Tracy Kuperus has made a valuable contribution to our understanding of church-state relations in twentieth century South Africa. While there have been other studies on civil society organizations, such as the Broederbond, and studies on the role of some of these groups within the apartheid state, Kuperus situates her study within the global context of civil society-state relations and demonstrates how the South African case compares with other examples in recent history. Her state-civil society typology should prove valuable to other scholars in this field and become a useful tool to compare societies across time and space. I would recommend this book for scholars studying civil society-state relations and for anyone interested in religion, apartheid, South African history and why my friend's good Christian mother sold old clothes to Blacks.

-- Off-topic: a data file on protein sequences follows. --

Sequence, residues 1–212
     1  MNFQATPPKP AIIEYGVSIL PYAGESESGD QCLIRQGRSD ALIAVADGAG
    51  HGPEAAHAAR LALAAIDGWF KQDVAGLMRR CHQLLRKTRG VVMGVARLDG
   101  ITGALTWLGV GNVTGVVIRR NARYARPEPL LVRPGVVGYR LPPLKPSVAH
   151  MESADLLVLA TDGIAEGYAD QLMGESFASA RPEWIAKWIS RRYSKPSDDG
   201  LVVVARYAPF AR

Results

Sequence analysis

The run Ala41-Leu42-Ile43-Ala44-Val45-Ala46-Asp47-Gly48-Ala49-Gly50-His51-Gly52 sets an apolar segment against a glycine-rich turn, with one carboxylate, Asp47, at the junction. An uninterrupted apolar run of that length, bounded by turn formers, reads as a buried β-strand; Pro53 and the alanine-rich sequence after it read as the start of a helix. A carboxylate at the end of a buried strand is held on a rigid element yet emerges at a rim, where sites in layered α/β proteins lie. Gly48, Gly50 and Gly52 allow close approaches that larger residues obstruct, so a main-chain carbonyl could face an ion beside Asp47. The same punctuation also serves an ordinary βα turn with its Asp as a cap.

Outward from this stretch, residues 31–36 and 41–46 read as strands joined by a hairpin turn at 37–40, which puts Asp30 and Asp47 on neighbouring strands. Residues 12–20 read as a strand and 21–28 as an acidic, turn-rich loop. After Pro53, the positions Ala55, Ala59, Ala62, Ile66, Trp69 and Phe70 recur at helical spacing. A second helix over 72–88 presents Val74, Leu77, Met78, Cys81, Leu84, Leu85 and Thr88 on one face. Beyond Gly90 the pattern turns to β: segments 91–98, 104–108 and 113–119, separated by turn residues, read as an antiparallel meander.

If there is additional discussion of this review, you may access it through the network, at: https://networks.h-net.org/h-safrica.
Roger Beck. Review of Kuperus, Tracy, State, Civil Society and Apartheid in South Africa: An Examination of Dutch Reformed Church-State Relations.
H-SAfrica, H-Net Reviews.
Copyright © 2000 by H-Net, all rights reserved. H-Net permits the redistribution and reprinting of this work for nonprofit, educational purposes, with full and accurate attribution to the author, web location, date of publication, originating list, and H-Net: Humanities & Social Sciences Online. For any other proposed use, contact the Reviews editorial staff at firstname.lastname@example.org.